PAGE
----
Rashid Johnson. Broken Crowd, 2020 (detail). Ceramic tile, mirror tile, spray enamel, oil stick, black soap, wax, 240.7 x 403.9 x 3 cm. Photo: Martin Parsekian. © Rashid Johnson. Courtesy the artist and Hauser & Wirth.
Is the message of Rashid Johnson’s new show helped or hindered by the repetitive motifs and elaborate detail?.
María Berrío. The Combed Thunderclap, 2020. Collage with Japanese paper and watercolour paint on canvas, 76.2 x 61 cm (30 x 24 in). © María Berrío. 
Courtesy the artist and Victoria Miro.
The eight new works here began as a project about a fictional village and its response to tragedy, but shifted as Berrío explored her feelings and emotions regarding the real catastrophe of the current global pandemic.
Royal Academy of Arts Summer Exhibition, London, 6 October 2020 – 3 January 2021.
For the first time ever, the Summer Exhibition falls in autumn and winter, but the RA’s galleries look much as they do every year.
Artemisia Gentileschi. Jael and Sisera, 1620. Oil on canvas, 86 × 125 cm. © Szépmüvészeti Múzeum / Museum of Fine Arts, Budapest (75.11).
Long-known for her autobiography, visceral and violent, yet strongly feminine portrayals of Apocryphal heroines, and her self-portraits in the guises of various martyrs, the Italian Baroque artist Artemisia Gentileschi is finally being celebrated for her full four-decade career as a successful and savvy painter.
Tim Clark.
The British Museum has just bought 103 newly rediscovered drawings by Hokusai. Tim Clark, the museum’s leading expert on the Japanese artist, talks about studying the pictures and their connections during lockdown, making them available online and preparing for a physical exhibition next year.
Fabienne Verdier. Photo courtesy Waddington Custot.
Sound and vision collide in Verdier’s work, with this latest show exploring the physical, emotional and aesthetic landscape of Mozart arias.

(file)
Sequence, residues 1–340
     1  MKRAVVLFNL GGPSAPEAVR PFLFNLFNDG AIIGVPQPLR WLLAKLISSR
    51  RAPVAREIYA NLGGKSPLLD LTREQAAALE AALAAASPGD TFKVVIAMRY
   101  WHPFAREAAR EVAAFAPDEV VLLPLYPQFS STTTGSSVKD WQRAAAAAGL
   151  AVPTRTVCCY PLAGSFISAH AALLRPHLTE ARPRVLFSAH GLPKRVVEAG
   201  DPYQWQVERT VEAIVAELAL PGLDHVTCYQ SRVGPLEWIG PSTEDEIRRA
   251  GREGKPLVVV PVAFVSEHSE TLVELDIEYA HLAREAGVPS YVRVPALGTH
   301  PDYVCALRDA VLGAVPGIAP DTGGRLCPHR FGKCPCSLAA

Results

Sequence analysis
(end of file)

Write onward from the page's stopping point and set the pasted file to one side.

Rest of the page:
Billie Zangewa in her studio. Photo: Andrew Berry. Courtesy the artist and Lehmann Maupin, New York, Hong Kong, Seoul, and London.
The Johannesburg-based artist, whose work is currently on show at Lehmann Maupin in New York, talks about her collages of domestic life, which advocate for self-preservation and the demystification of black women.
Anya Paintsi, THIRTY SIX INCH IN SIX THIRTEEN, 2019. Punch needled acrylic, wool, cotton and kanekalon hair on hessian, 68 x 88 cm. Courtesy Ed Cross Fine Art.
Although this year’s fair had to be pared back, it nevertheless showcased a diverse and exciting range of perspectives on modern life and African identity.
Christina Quarles speaking to Studio International via Zoom from her studio in Los Angeles.
Created during lockdown, against a backdrop of rising deaths from Covid, the police killing of George Floyd and raging fires across California, the nine new paintings in this show at Pilar Corrias are haunted by melancholy. Quarles spoke to Studio International via Zoom from her studio in Los Angeles.
Grace Pailthorpe, The Torment of Tantalus, 1938. Private collection. Courtesy Galerie 1900-2000, Paris.
An exhibition of art inspired by the spirit world at Drawing Room London offers up some surprising visions.
Ryan Mosley. My Brother Paul, 2020. Installation view, Everyday Heroes, Southbank Centre, London, 2020. Photo: Martin Kennedy.
An outdoor exhibition of art on London’s Southbank celebrates the heroes of lockdown with an eclectic collection of art and poetry.
Huma Bhabha. Photo: Elyse Benenson, 2016.
The artist explains how working for a taxidermist helped her with sculpture, why she is fond of materials that are basically refuse, and the nerdy humour that she hides in her work.
Stuart Whipps, If Wishes Were Thrushes, Beggars Would Eat Birds, 2020, Dundee Contemporary Arts. Photo: Ruth Clark.
Using installation, photography, film and sound, Whipps takes us on a journey exploring histories from around the world through plants and minerals.
Michael Schmidt, Untitled from, Berlin-Kreuzberg. Stadtbilder 1981-82. Silver gelatin print, 33.6 x 27.8 cm. © Stiftung für Fotografie und Medienkunst mit Archiv Michael Schmidt.
A hometown survey of the Berlin photographer captures a city on the cusp of change, anxious and expectant.
Nancy Holt, Points of View (detail), 1974. Clocktower Gallery, New York. Four-monitor video installation, black-and-white, sound, duration 44 mins. Video unit: 72 x 54 x 54 in (183 x 137 x 137 cm). Photo: Gwenn Thomas. © Holt/Smithson Foundation, Licensed by VAGA at ARS, New York.
Her enduring interest in language and visual perception, combine in this fascinating yet intimate exhibition of Holt’s early work.